By summer, Tian had a team of 12 employees and had raised $3.5 million from a handful of VCs, including Jack Altman (brother of OpenAI CEO Sam Altman) and Emad Mostaque of Stability AI. But over the course of our conversations, I noticed that his framing of GPTZero/Origin was shifting slightly. Now, he said, AI-detection would be only one part of the humanity-proving toolkit. Just as important would be an emphasis on provenance, or “content credentials.” The idea is to attach a cryptographic tag to a piece of content that verifies it was created by a human, as determined by its process of creation—a sort of captcha for digital files. Adobe Photoshop already attaches a tag to photos that harness its new AI generation tool, Firefly. Anyone looking at an image can right-click it and see who made it, where, and how. Tian says he wants to do the same thing for text and that he has been talking to the Content Authenticity Initiative—a consortium dedicated to creating a provenance standard across media—as well as Microsoft about working together.
One could interpret his emphasis on provenance as a tacit acknowledgment that detection alone won’t cut it. (OpenAI shut down its text classifier in July “due to its low rate of accuracy.”) It also previews a possible paradigm shift in how we relate to digital media. The whole endeavor of detection suggests that humans leave an unmistakable signature in a piece of text—something perceptible—much the way that a lie detector presumes dishonesty leaves an objective trace. Provenance relies on something more like a “Made in America” label. If it weren’t for the label, we wouldn’t know the difference. It’s a subtle but meaningful distinction: Human writing may not be better, or more creative, or even more original. But it will be human, which will matter to other humans.
In June, Tian’s team took another step in the direction of practicality. He told me they were building a new writing platform called HumanPrint, which would help users improve their AI-written text and enable them to share “proof of authenticity.” Not by generating text, though. Rather, it would use GPTZero’s technology to highlight sections of text that were insufficiently human and prompt the user to rewrite it in their own words—a sort of inversion of the current AI writing assistants. “So teachers can specify, OK, maybe more than 50 percent of the essay should still be written in your own words,” he said. When I asked whether this was a pivot for the company, Tian argued that it was “a natural extension of detection.” “It was always a vision of being the gold standard of responsible AI usage,” Tian said, “and that’s still there.” Still, the implication is clear: There’s no stopping AI writing; the only option is to work with it.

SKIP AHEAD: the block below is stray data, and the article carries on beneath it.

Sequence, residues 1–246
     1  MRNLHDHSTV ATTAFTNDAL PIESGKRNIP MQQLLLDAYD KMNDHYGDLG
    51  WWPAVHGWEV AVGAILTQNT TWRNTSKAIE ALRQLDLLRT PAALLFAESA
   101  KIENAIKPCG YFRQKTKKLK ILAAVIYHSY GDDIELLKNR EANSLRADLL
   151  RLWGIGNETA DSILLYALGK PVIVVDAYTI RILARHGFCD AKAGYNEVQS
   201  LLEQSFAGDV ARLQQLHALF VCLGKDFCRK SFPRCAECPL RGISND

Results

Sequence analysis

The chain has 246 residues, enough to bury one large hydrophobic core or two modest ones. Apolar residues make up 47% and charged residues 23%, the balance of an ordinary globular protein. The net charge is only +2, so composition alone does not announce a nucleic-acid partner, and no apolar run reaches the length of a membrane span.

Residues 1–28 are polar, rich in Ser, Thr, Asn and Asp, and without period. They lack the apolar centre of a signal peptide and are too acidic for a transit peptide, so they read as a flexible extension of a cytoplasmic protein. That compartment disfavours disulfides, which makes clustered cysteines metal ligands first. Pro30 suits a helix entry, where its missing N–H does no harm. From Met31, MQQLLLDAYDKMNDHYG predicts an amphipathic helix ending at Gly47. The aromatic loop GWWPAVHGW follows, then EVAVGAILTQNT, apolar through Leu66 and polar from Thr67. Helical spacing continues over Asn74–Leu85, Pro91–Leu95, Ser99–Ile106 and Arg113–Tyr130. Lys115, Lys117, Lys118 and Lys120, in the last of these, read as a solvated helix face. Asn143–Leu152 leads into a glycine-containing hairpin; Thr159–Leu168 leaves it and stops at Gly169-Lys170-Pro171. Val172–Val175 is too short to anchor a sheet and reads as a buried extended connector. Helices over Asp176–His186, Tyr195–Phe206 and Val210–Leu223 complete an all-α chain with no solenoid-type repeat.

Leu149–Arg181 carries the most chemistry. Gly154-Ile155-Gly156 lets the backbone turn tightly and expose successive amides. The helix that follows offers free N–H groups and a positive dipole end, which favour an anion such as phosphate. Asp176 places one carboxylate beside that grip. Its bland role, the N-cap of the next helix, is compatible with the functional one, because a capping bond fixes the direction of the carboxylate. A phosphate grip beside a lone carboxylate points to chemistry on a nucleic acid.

When Tian was first testing out GPTZero, he scanned a 2015 New Yorker essay by McPhee called “Frame of Reference.” In it, McPhee riffs on the joys and risks of making cultural references in one’s writing. “Mention Beyoncé and everyone knows who she is. Mention Veronica Lake and you might as well be in the Quetico-Superior,” he writes coyly. He runs down a list of adjectives he’s used to describe mustaches, including “sincere,” “no-nonsense,” “gyroscopic,” “guileless,” “analgesic,” “soothing,” “odobene,” and “tetragrammatonic.” He concludes with an anecdote about battling an editor to include a reference to an obscure British term used by upper-class tourists to India during the Raj. (He won.) It’s classic McPhee: scalpel-precise, big-hearted if a tad self-satisfied, gleefully digressive, indulgent until he gets to the just-right point. GPTZero determined that the article was “the most human on all metrics,” Tian said. I called McPhee to ask what he thought it meant that his writing was especially human.
“I really have no very good idea,” McPhee told me over the phone. “But if I were guessing, it’s that my pieces get at the science, or the agriculture, or the aviation, or whatever the topic is, through people. There’s always a central figure I learn from.” Indeed, McPhee writes through the eyes of experts. The reader comes away with not just some esoteric knowledge about geology or particle physics or oranges, but a sense of the person studying the subject, as well as McPhee studying the person.
McPhee, now 92 , said he’s unconcerned about AI replacing human writers. “I’m extremely skeptical and not the least bit worried about it,” he said. “I don’t think there’s a Mark Twain of artificial intelligence.”
But, I asked, what if years from now, someone designs a McPheeBot3000 trained on McPhee’s writing, and then asks it to produce a book on a fresh topic? It might not be able to ford streams with environmental activists or go fly-fishing with ichthyologists, but couldn’t it capture McPhee’s voice and style and worldview? Tian argued that machines can only imitate, while McPhee never repeats himself: “What’s unique about McPhee is he comes up with things McPhee a day ago wouldn’t have.”
I asked McPhee about the hypothetical McPheeBot3000. (Or, if Semrai has his way, not-so-hypothetical.) “If this thing ever happens, in a future where I’m no longer here,” he said, “I hope my daughters show up with a lawyer.”